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We have an obligation to use our gifts for good

We have an obligation to use our gifts for good

As we go through life, we’re given many pieces of advice. Those that are most truthful tend to survive the test of time, and the best advice brings enduring happiness and a sense of peace.

At an orientation social before I began my first assignment as a young teacher, I sang a song for an appreciative crowd. I had the audience roaring in laughter as I did my unique rendition of the 1966 hit Wild Thing by The Troggs. If you dare to search my name and the title of the song on YouTube, or go here, you’ll get an idea of the performance they saw.

More significant than the song was the reaction of Fergus O’Grady, the man I had left Toronto and moved to northern B.C. to work for. He seemed to recognize something in me because he took the time that evening to give me a piece of advice I’ve never forgotten. He said simply, “That was really great. You have a gift. Make sure you use it for good.”

I knew that he wasn’t talking about my musical talent, because it was sorely lacking. I had moved to Prince George to teach and his statement meant a great deal to me as I struggled through the demands of my first years in the profession. I knew I had a gift and that it needed to be used to make a positive difference in the lives of others.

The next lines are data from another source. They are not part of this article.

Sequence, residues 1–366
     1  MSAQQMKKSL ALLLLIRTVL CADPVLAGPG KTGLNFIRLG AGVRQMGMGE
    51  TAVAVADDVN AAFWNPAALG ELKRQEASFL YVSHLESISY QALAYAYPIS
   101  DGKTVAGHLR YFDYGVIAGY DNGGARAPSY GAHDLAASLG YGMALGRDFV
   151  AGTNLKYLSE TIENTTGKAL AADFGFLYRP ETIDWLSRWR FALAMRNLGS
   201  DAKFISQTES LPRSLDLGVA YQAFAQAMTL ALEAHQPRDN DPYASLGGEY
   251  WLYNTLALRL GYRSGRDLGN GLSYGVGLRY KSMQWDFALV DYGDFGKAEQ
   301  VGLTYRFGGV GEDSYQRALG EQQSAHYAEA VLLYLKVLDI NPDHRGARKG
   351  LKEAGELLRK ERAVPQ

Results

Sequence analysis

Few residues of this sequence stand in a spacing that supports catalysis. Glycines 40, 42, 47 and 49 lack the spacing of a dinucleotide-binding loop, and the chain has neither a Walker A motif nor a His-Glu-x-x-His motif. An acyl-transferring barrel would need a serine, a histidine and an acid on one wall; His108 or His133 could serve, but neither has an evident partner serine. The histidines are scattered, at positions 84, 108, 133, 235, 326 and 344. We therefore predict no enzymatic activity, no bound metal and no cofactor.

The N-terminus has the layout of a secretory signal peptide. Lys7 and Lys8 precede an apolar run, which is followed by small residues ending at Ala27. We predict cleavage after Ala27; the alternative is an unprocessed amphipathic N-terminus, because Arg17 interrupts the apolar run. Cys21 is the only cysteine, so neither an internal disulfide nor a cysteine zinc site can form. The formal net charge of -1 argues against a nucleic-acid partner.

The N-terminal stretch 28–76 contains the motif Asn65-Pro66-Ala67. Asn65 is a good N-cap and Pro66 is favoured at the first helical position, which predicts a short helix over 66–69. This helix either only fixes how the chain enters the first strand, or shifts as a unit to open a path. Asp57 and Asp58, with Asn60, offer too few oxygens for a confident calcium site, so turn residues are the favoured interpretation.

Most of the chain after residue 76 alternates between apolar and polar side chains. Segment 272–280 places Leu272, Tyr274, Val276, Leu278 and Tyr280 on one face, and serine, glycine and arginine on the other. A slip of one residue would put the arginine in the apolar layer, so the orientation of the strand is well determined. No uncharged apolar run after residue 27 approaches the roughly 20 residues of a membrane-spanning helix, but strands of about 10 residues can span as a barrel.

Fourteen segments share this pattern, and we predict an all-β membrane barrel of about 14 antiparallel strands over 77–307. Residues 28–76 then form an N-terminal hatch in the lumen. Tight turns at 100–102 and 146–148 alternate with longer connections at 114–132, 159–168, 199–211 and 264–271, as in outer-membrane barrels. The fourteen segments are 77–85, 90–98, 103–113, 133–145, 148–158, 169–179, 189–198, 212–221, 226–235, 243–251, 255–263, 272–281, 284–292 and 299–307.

As I worked for O’Grady, I realized that he had a very unique impact on people. Everyone smiled when he walked into the room. He not only used his position of leadership to do good, he also empowered everyone around him. We recognized that there was indeed something special in each of us and we were inspired to do our greatest good.

Though he died in 1998, O’Grady’s influence continues to have a significant impact on my happiness, not only in my profession but in every aspect of life.

There are two key components to his lesson. The first is to recognize and celebrate one’s giftedness. We’re all unique. Some are good with people, some are good with numbers. Some are great teachers, some are wonderful artists, some are gifted builders and some are talented in business. Some abilities we’re aware of and some we have yet to discover. It doesn’t matter what the gift is, as long as it brings us joy.

The other point is that we need to use our talents to do good. When we do, we make our world better, we empower and serve our neighbours and we can go to sleep peacefully each night knowing that we’ve made a positive difference in the world. This may be reward in itself but it’s also true that when we do good for others, good things tend to happen in our lives as well.

As I’ve moved forward in my career, I’ve realized how important it is for me to be like O’Grady. My students certainly need to know that they’re gifted and that they have a positive contribution to make. It doesn’t stop there, however. This is something that everyone I encounter needs to be reminded of, whether they be colleagues new to the profession, school administrators, custodians or cooks. Something powerful happens when we speak these truths to one another.

We’re all born with a unique and inherent capacity to do good. There’s also great peace and satisfaction in knowing that despite the troubles around us, we’ve done our best to brighten the lives of others, even if it just involves singing a ridiculous rendition of Wild Thing.

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